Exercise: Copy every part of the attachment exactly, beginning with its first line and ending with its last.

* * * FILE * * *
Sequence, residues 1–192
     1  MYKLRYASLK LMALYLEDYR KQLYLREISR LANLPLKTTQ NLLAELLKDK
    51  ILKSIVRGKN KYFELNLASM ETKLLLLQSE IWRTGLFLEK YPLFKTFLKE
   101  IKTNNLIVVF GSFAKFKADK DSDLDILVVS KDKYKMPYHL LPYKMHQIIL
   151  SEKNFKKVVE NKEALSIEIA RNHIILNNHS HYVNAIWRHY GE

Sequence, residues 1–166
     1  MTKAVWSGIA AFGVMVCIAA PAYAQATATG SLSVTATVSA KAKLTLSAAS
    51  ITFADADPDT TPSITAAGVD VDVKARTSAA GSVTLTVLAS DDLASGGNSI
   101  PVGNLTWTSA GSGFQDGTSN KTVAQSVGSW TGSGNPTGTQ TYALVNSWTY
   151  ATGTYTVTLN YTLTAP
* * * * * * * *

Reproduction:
Sequence, residues 1–192
     1  MYKLRYASLK LMALYLEDYR KQLYLREISR LANLPLKTTQ NLLAELLKDK
    51  ILKSIVRGKN KYFELNLASM ETKLLLLQSE IWRTGLFLEK YPLFKTFLKE
   101  IKTNNLIVVF GSFAKFKADK DSDLDILVVS KDKYKMPYHL LPYKMHQIIL
   151  SEKNFKKVVE NKEALSIEIA RNHIILNNHS HYVNAIWRHY GE

Sequence, residues 1–166
     1  MTKAVWSGIA AFGVMVCIAA PAYAQATATG SLSVTATVSA KAKLTLSAAS
    51  ITFADADPDT TPSITAAGVD VDVKARTSAA GSVTLTVLAS DDLASGGNSI
   101  PVGNLTWTSA GSGFQDGTSN KTVAQSVGSW TGSGNPTGTQ TYALVNSWTY
   151  ATGTYTVTLN YTLTAP